Thursday, 31 January 2013

Cold call virus scams are still alive and well

Thursday, 31 January 2013

Regular readers of this blog would have seen sagas such as Anatomy of a virus call centre scam, Scamming the scammers – catching the virus call centre scammers red-handed and my personal favourite, “Type www.” – “Ok, w-w-w-d-o-t”; antagonising call centre scammers. That’s not an exhaustive list, indeed there are more videos on this blog and yet more phone calls that never made it here.

A few months back there was a bunch of news around the FTC cracking down on these scams. Problem is, the FTC has about zero jurisdiction in India where the scams are originating from! They also have zero jurisdiction in anywhere that isn’t America so the effectiveness of the “crack down” is unlikely to make much difference. Consequently, it should come as no surprise that once again, this evening I enjoyed the company of a couple of gentlemen willing to help me out with my PC.

As a seasoned recipient of this scam I keep a VM ready for just such events. Unfortunately, in this case I had a tennis game to get to and frankly that was more important then listening to crooks on the other side of the world. I pushed them harder earlier this time and inevitably got hung up on but not before listening to the usual drivel and exactly the same modus operandi as usual.

If you want to see this scam run all the way through to where they want dollars (including having them remotely control my PC), take a look at the Scamming the scammers video (get a nice drink and find a comfy chair first). If you just want to see how the scam still looks today, here’s what my mates are up to:

Wednesday, 30 January 2013

102 simple steps for installing and configuring a new Windows 8 machine

Wednesday, 30 January 2013

As sure as night turns into day, sooner or later your PC will descend into an unrecoverable abyss where it no longer boots, stays booted or can’t even get booted to begin with. I’ve had memory go bad, motherboards die, CPUs fried, many mechanical disks develop bad sectors and now for the second time, an SSD gradually turn itself into nothing more than a paperweight.

I now have a very robust backup strategy which I’ll come back to (courtesy of previously losing data and deciding that was never going to happen again!), but having a disk fail is about more than just restoring from backup, it’s about rebuilding the whole damn thing. This is my perfect world scenario:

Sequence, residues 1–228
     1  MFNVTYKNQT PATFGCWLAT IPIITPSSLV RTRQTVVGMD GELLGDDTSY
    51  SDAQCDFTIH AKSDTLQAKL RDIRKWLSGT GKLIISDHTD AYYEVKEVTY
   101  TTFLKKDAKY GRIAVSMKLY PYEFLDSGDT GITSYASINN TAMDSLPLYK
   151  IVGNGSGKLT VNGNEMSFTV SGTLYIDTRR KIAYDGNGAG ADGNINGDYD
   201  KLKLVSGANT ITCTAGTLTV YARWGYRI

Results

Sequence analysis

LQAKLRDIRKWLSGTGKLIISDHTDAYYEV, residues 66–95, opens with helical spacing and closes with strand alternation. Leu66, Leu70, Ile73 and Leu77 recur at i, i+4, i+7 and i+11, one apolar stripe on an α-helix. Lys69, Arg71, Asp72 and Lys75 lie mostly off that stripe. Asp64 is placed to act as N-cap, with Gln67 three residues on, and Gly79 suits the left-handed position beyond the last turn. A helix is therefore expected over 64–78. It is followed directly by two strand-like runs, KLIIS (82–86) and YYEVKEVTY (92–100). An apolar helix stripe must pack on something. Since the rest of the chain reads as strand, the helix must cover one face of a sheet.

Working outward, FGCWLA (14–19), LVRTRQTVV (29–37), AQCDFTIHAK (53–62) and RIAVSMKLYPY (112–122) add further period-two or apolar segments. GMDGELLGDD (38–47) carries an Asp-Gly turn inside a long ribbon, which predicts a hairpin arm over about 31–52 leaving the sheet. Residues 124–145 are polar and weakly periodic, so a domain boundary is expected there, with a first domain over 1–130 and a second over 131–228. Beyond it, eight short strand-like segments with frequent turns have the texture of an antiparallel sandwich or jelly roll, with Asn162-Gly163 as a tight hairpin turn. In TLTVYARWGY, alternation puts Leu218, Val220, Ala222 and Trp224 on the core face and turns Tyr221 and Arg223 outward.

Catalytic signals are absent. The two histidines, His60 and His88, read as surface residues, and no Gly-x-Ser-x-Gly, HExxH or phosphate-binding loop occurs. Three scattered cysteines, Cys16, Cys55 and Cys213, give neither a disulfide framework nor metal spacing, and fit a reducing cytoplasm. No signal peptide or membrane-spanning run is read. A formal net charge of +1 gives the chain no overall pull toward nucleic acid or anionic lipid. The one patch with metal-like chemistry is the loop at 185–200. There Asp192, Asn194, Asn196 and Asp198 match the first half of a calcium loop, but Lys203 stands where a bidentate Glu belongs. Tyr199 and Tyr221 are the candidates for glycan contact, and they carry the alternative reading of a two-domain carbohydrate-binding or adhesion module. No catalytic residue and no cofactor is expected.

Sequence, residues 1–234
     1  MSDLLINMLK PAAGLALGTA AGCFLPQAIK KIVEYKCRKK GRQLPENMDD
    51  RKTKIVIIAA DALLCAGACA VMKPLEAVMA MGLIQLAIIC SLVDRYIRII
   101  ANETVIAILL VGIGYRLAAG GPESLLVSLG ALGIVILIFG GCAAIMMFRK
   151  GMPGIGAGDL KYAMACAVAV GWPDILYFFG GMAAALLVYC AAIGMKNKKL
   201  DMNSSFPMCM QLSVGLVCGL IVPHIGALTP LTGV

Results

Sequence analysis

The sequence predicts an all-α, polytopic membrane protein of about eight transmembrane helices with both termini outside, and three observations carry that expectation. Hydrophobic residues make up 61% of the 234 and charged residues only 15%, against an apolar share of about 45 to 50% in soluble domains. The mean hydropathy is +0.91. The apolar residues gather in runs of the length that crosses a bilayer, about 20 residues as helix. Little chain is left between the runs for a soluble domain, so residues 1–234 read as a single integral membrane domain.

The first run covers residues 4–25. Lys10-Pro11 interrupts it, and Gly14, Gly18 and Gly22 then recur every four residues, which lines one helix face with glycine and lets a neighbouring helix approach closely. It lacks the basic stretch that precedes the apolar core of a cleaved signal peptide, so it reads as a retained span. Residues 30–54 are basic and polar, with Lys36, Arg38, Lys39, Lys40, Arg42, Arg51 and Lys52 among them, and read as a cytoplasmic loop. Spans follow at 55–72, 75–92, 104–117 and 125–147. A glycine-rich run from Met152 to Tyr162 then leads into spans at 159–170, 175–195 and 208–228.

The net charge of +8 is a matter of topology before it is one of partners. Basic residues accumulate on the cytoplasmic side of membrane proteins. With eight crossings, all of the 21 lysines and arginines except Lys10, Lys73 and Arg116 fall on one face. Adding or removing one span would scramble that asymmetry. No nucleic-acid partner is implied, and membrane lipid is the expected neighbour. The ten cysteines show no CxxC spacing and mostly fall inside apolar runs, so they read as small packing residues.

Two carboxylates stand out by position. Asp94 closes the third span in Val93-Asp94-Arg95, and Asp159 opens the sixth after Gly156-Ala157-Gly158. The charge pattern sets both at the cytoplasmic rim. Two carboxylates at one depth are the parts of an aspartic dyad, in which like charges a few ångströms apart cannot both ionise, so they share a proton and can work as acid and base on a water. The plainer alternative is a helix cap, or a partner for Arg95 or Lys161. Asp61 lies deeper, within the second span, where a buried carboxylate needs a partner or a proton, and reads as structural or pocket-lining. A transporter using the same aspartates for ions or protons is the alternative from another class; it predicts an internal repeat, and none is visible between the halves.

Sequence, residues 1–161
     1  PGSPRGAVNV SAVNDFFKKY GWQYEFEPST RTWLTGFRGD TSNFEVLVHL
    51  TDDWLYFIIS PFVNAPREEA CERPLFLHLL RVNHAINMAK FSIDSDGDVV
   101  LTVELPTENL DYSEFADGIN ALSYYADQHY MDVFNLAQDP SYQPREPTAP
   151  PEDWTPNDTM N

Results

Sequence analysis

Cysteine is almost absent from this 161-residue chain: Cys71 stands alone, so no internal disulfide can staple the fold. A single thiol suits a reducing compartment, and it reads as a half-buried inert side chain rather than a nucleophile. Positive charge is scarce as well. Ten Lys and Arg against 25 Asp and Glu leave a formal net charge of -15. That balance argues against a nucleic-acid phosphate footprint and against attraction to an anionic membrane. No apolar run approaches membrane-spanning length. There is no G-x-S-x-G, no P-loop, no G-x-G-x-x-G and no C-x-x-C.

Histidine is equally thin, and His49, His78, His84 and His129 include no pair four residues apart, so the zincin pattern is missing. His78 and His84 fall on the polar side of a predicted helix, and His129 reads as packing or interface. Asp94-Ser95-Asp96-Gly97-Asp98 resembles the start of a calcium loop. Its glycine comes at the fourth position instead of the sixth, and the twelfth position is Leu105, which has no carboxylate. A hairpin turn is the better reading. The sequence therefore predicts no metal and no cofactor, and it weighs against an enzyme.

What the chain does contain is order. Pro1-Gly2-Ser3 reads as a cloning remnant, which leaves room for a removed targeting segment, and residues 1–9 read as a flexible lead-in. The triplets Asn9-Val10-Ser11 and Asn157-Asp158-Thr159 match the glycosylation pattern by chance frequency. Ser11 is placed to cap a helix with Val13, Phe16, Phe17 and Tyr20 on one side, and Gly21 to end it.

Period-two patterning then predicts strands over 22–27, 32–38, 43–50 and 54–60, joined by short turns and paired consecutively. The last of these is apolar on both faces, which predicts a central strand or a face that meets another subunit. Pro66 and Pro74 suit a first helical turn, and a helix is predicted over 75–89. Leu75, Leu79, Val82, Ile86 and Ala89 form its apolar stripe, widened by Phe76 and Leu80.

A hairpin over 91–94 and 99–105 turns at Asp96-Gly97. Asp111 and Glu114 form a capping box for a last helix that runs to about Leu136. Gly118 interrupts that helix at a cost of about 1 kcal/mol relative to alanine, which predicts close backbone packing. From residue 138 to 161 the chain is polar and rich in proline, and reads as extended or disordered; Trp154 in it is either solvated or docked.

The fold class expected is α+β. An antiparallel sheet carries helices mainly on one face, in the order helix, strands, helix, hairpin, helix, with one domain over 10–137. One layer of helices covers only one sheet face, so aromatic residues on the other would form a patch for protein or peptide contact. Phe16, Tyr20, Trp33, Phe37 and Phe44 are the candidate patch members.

Restoring an iPhone from iCloud

Automatic daily backup of everything to iCloud then a lost device or an upgrade just means authenticating and waiting. Job done.

Unfortunately this is not the PC world we live in and particularly for folks like me involved in building software, getting from zero to where you were when everything went wrong is a very high friction exercise. I reckon it’s the better part of a day’s effort to reinstall, reconfigure and restore files and you’ll still be finding missing things a month later.

Now I could actually still slave the faulty disc and read from it (it just wasn’t stable to boot from), so in theory I could have used the likes of Acronis or Ghost to image the old disk to the new one and viola – the old machine is back. Problem is though, you inevitably get that OS rot through continuous installations, uninstallations, driver updates, toying around and otherwise just doing what us devs tend to do. A clean install – although tedious – is a fresh start.

So for my own benefit (because I know it’s just a matter of time until I need to do this again) and to demonstrate the many, many, many (etc) steps involved in getting back to somewhere close (but not exactly) where I was before things went bad, here’s the whole end-to-end process


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Tuesday, 29 January 2013

What is LOIC and can I be arrested for DDoS’ing someone?

Tuesday, 29 January 2013

It’s the Low Orbit Ion Cannon and yes, you can be arrested and sentenced to a prison term for using it to mount a distributed denial of service attack on a website. But let’s not get ahead of ourselves, there are a few things to understand first.

LOIC has shot to fame in recent years as the tool of choice for what we colloquially refer to as hacktivists, or in other words, folks with an axe to grind – usually for political purposes – who use the web to express their displeasure. They’ll usually be anonymous (that’s with a little “a”) and may associate themselves with groups such as Anonymous (with a big “A”) or others such as LulzSec and UGNazi. The names or how active they presently are isn’t really the point though, I’m interested in looking at the nature of DDoS as this is where I see a lot of misunderstanding.

Here’s how it often begins, with a call to action for hacktivists to join in an organised DDoS:

@Anon_operation Current Target: | Grab your weapons here: and FIRE!!! #ddos #wikileaks #payback